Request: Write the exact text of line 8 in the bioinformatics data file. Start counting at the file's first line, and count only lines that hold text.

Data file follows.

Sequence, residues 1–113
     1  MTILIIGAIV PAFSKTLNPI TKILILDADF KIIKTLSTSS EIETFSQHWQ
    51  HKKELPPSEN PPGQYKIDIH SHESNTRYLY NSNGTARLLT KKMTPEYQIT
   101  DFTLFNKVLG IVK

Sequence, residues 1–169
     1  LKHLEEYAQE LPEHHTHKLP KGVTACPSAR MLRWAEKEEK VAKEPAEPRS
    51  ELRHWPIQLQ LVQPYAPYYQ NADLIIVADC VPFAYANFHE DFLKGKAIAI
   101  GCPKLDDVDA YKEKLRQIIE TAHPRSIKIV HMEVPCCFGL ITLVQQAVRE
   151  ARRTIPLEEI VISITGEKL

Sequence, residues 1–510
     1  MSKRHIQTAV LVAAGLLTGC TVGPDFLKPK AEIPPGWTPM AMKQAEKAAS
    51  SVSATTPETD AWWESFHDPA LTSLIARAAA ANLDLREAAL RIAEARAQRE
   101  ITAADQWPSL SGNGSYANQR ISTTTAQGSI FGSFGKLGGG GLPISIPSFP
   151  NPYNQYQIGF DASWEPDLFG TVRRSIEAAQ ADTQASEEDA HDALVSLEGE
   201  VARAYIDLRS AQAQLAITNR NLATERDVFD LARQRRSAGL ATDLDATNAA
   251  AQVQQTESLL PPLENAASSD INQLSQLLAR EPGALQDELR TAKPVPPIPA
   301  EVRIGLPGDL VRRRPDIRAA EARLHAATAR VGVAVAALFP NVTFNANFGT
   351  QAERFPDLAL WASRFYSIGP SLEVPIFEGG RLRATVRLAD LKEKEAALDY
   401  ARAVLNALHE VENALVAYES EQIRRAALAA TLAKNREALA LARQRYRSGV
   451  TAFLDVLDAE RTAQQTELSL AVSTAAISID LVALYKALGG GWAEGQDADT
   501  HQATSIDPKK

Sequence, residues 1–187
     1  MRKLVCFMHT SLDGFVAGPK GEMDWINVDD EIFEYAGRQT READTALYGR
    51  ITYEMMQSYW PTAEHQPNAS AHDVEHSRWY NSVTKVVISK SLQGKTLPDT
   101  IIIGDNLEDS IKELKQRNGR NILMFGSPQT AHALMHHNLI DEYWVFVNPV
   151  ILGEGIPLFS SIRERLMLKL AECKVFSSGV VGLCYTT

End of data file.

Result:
   101  GCPKLDDVDA YKEKLRQIIE TAHPRSIKIV HMEVPCCFGL ITLVQQAVRE